“Once you learn to read, you will be forever free.” Frederick Douglass
At Norham we want our pupils to be free. We want them to be able to choose whatever future they desire and have the necessary skills to be successful. Literacy is fundamental to our pupils’ lives, enabling them to function in their everyday lives whilst giving them the lifelong skills to be able to communicate and create, to articulate their ideas and understand and interpret the ideas of others.
The simplest definition for literacy is the ability to read and write, but in total there are four strands of literacy:
Our pupils use and develop their literacy skills in all of their lessons and examined subjects. Pupils are now marked on the quality of their written responses in their examinations across almost all GCSE subjects.
We believe that literacy begins with reading. At the heart of our literacy strategy is ‘reading for pleasure’. We promote reading through a range of events and through Drop Everything And Read, which happens at least once a week in all English lessons. Most importantly, we talk to our pupils about what they are reading and what we are reading. Having adults as literacy role models is essential to a child’s development.
Our new beautiful LRC is at the heart of the school and at the heart of literacy learning in Norham. It is an outstanding resource where pupils can borrow a wide range of reading material and find a space to work and read.
When pupils are competent readers, they will be great writers. Writing also runs though our literacy learning. We hold regular writing events and competitions to promote writing and we believe that it is every teacher’s responsibility to develop their pupils’ writing ability.
Speaking and listening aids the development of both reading and writing and is in itself incredibly important. As such, we teach speaking and listening skills explicitly and run a range of highly successful speaking events.
Exciting events that promote a level of literacy!
In recent years we have held a fantastic range of events to develop out pupils reading, writing, speaking and listening. These include:
- Celebrations of World Book Day;
- A whole school reading day;
- Visiting writers and workshops;
- Writing competitions;
- Reading groups and More!
LITERACY AT HOME
Many people assume that providing their children have mastered reading at primary school there is little or no need to worry about their reading once they have reached secondary school. This really is a misconception and we all need to be doing all we can to boost literacy levels both at school and also at home.
Many pupils have made good progress with reading at primary school but once they reach secondary education they don’t tend to continue reading with the same intensity that they have done before. Very few children read to their parents once they are beyond the age of eleven. Unfortunately, just because a child has made good progress at primary school doesn’t mean that they then continue to make linear progress beyond.
It is of paramount importance that pupils have a reading age that is commensurate with their chronological reading age. Without this, it is very difficult for them to achieve success at GCSE level. 68% of all pupil mistakes made in GCSE examinations are as a result of pupils misunderstanding the questions asked.
Top Tips for Boosting Literacy at Home
1. Talk drives literacy – encourage your children to talk at home and try to stretch their vocabulary. Ask them about their day at school and their learning as a starting point for dialogue.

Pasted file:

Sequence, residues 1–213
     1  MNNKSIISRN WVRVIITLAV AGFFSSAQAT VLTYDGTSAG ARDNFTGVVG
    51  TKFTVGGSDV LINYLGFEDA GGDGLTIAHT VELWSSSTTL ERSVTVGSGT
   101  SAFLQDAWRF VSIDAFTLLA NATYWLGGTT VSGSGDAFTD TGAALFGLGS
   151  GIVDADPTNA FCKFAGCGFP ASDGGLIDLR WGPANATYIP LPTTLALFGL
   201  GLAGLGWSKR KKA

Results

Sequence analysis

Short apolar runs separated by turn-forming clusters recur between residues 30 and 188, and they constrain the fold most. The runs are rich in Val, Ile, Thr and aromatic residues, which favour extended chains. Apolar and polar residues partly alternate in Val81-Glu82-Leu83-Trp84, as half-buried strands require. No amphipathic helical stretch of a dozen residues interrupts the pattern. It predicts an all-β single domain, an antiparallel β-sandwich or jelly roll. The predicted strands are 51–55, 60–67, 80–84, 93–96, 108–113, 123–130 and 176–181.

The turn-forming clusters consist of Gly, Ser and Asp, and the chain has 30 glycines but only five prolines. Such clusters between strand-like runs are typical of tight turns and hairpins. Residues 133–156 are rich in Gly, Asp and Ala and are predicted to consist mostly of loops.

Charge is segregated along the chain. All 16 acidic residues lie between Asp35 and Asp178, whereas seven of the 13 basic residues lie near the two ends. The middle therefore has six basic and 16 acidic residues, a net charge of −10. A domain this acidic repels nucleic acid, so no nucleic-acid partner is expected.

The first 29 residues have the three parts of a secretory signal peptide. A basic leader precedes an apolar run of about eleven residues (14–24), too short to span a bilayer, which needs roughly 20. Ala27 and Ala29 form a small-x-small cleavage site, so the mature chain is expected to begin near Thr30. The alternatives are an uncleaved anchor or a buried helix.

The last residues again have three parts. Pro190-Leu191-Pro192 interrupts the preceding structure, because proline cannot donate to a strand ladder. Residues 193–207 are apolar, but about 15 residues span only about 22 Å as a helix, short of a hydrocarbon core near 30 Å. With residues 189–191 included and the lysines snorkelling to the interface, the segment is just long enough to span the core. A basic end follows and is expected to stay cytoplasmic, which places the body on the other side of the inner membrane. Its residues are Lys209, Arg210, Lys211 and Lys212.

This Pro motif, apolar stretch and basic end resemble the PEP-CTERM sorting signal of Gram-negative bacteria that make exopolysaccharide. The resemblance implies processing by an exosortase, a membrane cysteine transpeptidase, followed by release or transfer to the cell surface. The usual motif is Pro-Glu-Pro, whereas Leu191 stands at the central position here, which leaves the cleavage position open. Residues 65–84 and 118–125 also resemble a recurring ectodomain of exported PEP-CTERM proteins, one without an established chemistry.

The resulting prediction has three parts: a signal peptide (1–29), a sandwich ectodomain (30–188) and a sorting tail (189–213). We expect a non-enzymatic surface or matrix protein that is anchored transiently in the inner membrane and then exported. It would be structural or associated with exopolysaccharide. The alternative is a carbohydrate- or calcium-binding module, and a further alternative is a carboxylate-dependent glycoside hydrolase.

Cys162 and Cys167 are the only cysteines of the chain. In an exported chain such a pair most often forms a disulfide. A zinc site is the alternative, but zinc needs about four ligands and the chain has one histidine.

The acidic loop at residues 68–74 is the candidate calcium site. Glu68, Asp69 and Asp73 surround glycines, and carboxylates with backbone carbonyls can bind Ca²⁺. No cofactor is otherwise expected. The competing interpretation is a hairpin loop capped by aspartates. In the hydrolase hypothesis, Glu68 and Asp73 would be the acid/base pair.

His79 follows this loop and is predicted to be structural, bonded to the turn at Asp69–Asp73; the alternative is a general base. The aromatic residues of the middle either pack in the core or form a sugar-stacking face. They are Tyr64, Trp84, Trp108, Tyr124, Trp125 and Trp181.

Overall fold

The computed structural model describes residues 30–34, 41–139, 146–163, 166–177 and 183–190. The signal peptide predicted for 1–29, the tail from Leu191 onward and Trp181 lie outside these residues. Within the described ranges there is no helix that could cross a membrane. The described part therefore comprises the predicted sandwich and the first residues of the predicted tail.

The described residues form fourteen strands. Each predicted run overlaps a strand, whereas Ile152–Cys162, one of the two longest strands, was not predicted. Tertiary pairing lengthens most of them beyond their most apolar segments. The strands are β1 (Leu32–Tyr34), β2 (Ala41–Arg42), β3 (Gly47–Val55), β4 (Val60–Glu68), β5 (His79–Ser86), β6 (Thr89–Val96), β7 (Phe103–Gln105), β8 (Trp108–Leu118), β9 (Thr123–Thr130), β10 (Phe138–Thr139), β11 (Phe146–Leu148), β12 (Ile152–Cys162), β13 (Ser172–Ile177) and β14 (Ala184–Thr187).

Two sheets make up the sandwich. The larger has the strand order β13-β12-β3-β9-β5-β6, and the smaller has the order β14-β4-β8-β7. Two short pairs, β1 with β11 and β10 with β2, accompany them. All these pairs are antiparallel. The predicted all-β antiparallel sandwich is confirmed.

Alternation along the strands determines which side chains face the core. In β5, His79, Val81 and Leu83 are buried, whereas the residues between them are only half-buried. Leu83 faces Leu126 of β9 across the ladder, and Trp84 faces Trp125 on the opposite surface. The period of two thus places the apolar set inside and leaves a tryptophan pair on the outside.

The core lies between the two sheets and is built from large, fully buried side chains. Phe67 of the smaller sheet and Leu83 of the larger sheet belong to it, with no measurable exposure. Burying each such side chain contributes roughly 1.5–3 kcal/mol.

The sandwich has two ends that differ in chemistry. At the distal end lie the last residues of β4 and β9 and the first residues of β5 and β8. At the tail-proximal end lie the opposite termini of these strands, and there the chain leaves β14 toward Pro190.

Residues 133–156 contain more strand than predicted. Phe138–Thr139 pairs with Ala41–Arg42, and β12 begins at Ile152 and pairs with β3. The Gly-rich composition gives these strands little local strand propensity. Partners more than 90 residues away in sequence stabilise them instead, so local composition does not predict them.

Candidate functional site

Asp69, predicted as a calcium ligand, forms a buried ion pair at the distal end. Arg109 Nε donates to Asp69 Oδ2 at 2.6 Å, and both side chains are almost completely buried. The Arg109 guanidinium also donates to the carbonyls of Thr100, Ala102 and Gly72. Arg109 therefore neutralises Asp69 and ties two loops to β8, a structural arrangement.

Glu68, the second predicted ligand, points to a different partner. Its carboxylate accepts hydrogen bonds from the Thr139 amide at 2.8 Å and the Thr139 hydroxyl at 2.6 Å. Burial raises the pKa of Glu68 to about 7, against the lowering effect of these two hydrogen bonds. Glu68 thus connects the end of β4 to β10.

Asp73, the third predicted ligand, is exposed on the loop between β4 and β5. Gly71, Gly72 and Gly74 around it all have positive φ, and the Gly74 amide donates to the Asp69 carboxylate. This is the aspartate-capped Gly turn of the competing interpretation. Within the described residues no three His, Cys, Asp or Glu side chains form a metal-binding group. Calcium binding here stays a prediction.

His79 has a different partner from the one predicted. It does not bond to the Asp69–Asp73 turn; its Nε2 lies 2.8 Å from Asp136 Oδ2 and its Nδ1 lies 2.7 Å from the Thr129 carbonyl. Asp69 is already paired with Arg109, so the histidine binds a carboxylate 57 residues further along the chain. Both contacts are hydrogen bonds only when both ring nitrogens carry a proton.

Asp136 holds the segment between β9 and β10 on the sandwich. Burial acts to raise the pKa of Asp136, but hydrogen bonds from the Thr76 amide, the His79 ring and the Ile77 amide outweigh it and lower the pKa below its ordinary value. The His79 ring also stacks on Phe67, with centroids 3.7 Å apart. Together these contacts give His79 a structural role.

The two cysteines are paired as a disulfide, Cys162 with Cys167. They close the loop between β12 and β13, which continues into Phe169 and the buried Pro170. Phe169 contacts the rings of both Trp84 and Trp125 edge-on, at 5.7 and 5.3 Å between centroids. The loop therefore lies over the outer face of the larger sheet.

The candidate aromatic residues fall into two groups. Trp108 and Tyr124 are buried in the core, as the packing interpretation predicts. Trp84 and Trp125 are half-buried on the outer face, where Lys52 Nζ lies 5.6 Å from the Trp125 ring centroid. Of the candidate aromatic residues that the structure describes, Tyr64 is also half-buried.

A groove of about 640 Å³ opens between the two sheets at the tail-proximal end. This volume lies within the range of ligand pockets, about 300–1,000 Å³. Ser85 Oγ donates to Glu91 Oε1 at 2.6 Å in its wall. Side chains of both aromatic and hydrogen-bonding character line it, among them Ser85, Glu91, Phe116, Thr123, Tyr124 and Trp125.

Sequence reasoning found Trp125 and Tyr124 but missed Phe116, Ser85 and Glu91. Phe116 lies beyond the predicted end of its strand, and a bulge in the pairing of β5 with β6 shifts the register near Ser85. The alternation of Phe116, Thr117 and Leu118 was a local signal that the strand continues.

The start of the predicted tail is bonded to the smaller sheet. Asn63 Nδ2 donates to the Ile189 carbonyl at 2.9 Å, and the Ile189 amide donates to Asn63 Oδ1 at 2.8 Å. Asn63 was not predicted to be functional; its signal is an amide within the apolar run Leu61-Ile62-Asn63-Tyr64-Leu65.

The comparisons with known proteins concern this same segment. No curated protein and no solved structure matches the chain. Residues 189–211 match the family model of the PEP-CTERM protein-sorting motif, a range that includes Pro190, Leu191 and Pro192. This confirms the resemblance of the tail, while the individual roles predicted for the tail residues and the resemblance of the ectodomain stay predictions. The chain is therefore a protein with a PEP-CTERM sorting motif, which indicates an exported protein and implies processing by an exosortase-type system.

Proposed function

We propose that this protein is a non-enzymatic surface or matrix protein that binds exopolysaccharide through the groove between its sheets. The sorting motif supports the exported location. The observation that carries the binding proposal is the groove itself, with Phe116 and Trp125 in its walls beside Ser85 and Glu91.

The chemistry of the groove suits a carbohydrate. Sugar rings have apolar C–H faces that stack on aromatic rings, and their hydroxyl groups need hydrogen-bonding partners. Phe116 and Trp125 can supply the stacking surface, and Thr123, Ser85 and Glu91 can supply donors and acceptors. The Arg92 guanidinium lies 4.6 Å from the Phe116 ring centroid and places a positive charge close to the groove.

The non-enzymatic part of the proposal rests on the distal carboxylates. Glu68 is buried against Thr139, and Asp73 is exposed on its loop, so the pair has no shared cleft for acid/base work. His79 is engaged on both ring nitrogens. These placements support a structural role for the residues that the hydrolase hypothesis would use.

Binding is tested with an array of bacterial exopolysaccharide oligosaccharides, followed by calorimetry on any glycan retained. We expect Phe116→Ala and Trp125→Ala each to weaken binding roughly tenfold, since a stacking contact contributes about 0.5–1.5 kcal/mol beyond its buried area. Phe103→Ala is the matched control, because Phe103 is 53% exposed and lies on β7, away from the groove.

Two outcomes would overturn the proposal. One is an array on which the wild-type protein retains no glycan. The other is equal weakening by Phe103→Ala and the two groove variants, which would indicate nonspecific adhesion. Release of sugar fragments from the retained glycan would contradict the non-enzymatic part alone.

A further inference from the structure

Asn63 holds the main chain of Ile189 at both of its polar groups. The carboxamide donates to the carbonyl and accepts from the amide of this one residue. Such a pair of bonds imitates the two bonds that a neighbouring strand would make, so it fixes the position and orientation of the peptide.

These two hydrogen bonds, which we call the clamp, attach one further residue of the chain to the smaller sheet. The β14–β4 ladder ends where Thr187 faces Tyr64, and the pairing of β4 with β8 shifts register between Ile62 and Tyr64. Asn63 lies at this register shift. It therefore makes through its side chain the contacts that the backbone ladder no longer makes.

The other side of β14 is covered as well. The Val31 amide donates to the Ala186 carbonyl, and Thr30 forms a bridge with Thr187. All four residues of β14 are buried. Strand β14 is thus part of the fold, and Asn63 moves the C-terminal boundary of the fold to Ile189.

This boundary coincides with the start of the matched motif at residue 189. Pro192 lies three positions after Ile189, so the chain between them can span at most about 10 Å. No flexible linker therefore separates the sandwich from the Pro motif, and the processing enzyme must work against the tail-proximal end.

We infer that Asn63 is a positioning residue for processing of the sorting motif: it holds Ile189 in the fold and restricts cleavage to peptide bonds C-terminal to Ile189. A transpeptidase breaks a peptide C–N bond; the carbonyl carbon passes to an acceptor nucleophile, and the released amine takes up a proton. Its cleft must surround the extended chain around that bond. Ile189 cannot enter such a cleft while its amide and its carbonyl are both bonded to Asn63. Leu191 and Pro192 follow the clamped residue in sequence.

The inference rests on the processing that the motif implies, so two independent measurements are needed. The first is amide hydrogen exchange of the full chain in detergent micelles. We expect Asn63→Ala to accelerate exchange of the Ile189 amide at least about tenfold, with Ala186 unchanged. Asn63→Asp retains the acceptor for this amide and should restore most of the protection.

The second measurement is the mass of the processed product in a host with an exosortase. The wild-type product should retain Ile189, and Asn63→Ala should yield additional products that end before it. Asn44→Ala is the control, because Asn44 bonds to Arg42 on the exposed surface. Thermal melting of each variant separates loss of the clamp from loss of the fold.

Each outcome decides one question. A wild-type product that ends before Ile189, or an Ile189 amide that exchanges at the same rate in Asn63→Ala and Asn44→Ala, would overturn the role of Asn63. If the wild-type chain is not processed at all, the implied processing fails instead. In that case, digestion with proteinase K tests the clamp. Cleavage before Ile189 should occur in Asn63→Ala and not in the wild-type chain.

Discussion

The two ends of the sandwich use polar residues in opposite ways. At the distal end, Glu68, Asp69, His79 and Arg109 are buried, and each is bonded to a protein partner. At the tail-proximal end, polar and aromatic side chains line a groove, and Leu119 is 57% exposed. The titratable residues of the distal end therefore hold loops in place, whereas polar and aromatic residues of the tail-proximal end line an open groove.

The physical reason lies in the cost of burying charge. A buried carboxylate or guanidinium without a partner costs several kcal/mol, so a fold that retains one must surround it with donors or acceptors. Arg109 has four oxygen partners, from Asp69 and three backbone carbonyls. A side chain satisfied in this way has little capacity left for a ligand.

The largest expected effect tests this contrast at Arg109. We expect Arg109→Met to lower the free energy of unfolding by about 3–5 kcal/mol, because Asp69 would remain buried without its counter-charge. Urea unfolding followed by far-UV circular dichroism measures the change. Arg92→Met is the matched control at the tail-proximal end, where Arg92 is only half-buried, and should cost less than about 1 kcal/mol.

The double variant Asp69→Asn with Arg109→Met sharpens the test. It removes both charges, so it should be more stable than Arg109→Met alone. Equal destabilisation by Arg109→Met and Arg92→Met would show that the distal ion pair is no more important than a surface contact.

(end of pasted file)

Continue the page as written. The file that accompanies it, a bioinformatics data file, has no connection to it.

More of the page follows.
2. Let your children see you reading – it is particularly important that boys see adult males reading as it is easy for them to assume that reading is the preserve of women and is not ‘cool’. Take an interest in what your children are reading – if they are enjoying a particular author, book or genre, then read it too and you can share the experience with them.
3. Encourage your children to read aloud – reading aloud helps cement literacy skills more than anything else.
4. Don’t assume, because your children read fluently, that they actually comprehend all they read. Ask them questions to check their understanding of more challenging vocabulary.
5. Whilst it is obviously better for children to read anything rather than nothing, it is particularly important that children read works of fiction. Fiction really extends vocabulary and comprehension – particularly for boys.
6. Continue to visit the local library and encourage your children to go with you.
7. If electronic devices are the only way your children want to read then do encourage them to use Kindle or similar e-readers, many smart phones now have free apps to download.
8. It is easy for children to become reliant on IT for writing. Sadly, this does not prepare all pupils for impending examinations where spelling, punctuation and grammar are of considerable importance. Encourage them to write, at least from time to time, by hand. Thank you letters provide a regular opportunity for most children to put pen to paper.
9. Encourage your child to participate in events like ‘World Book Day’ or encourage them to take part in the school book club.
10. Make sure that your child reads during the summer holiday period. Pupils often regress in terms of their reading ability during this time, which puts them at a disadvantage in accessing the curriculum when they return to school in September.
Take a look at the short film clip Ten Minutes a Day Could Change Everything showing why everyone should take time to read together.
Need help with spelling?
Useful advice and free worksheets to improve spelling for adults and children:
https://www.spellzone.com - All year 7, 8 and 9 pupils have access via logins
“The more that you read, the more things you will know. The more you learn, the more places you’ll go.” Dr. Seuss, “I Can Read With My Eyes Shut!”